A Greener Future

Storm watch from space: The enormous reach of Typhoon Noul, also known as Typhoon Dodong, is seen in this view from the International Space Station May 8, 2015. Photo: NASA/Terry Virts/@AstroTerry
Opinion article written by Ambassador Liliana Ayalde for the newspaper Correio Braziliense and published on April 22, 2016.


On April 22, when people around the world celebrate Earth Day, world leaders made history at the United Nations, in New York. More than one hundred countries today officially signed up to the Paris Agreement on climate change. This is a defining moment in the history of our planet, the highest number of signatories to an international agreement on a single day. We are confident that other countries will do the same and we will have a historic, ambitious agreement that could enter into force as soon as possible.

A greener future is in sight. Leaders of cities and countries are making adjustments and innovating, leaving fossil fuels behind. Entrepreneurs are investing in a clean energy economy. The USA is moving forward in its commitment to reduce greenhouse gases by between 26% and 28% by 2025, compared with 2005 levels. To do so, we are following the strictest feel saving standards in our history. We have increased solar power generation twenty-fold since 2009 and proposed rules that take in energy conservation standards for appliances to the reduction of methane-rich gasses by municipal solid waste landfills.

In my home state of Maryland, we are working to reduce the harm caused by greenhouse gases by 25% a year until 2020.The state government is committed to taking the best decisions possible in environmental and economic areas, and to implementing efficient climate change strategies. The state has created more than 150 programs and initiatives to reduce annual emissions by 55 million metric tons of carbon dioxide or its equivalent.

While domestically we are taking significant climate measures, the USA is also focusing on international cooperation to face up to this global challenge. A US$ 500 million contribution we made last month to the Green Climate Fund (GCF) – the first installment in a US$ 3 billion commitment to the GCF – will help developing countries reduce their carbon emissions and prepare to face up to climate impacts while boosting our commitment to achieving the Sustainable Development Goals, another important, historic agreement that the world entered into last year.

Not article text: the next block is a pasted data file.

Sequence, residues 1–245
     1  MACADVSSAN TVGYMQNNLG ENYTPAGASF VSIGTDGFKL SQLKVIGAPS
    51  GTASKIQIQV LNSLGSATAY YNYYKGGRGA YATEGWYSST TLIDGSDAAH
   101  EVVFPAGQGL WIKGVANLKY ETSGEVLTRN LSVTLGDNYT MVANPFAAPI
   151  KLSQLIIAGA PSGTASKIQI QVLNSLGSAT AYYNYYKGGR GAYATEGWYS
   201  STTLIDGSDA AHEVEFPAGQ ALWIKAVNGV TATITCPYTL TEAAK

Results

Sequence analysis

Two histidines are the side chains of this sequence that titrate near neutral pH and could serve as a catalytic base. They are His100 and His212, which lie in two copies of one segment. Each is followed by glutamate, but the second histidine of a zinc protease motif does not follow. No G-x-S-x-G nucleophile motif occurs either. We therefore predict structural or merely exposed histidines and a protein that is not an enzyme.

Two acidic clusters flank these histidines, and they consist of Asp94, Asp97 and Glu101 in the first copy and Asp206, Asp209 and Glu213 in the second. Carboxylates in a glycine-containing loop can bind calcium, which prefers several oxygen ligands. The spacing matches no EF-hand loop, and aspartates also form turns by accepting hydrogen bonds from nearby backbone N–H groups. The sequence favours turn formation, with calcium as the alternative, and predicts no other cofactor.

One of the most successful environmental agreements of all time, the Montreal Protocol, is gradually eliminating substances that deplete the ozone layer. This agreement has prevented millions of cases of skin cancer, among other health, environmental and economic benefits. Hydro-fluorocarbons (HFCs) – which replace many of the substances that deplete the ozone layer – do not harm the ozone layer but are greenhouse gases which in some cases can be thousands of times more potent than carbon dioxide. The USA is working with Brazil and other partners to adopt this year an amendment to the Montreal Protocol aiming to phase out HFCs, which may prevent a half-degree Celsius increase in temperature by the end of the century.

We also need international cooperation to change the way we transport people and goods. The aviation sector accounts for 2% of total greenhouse gases in the world. The International Civil Aviation Organization plans to achieve carbon neutral growth for international aviation by 2020. The USA is seeking to enter into a global market agreement in this area that will help the airline industry to meet this ambitious goal.

When our presidents met in June last year, they agreed to work together to reach an ambitious climate agreement in Paris. Since then, representatives of Brazil and the USA have joined forces to put the two presidents’ ideas into action, including the formation of the first High Level Working Group on Climate Change, in October 2015. We also share best practices and policies in the increasing use of renewable energy through the Brazil-US Climate Partnership, an initiative created by the US Mission in Brazil. I am proud to say that our countries have set ambitious goals, playing an important leadership role in the preparation of the December 2015 agreement during COP21.

Today, this 46th Earth Day, the signing of the Paris Agreement is really a reason for hope. It is also a reminder of our shared commitment to combating climate change. We all need to take advantage of the incentive that the Paris agreement offers us to build a clean energy future for us, our children, and our grandchildren. There is no going back in the global fight against climate change.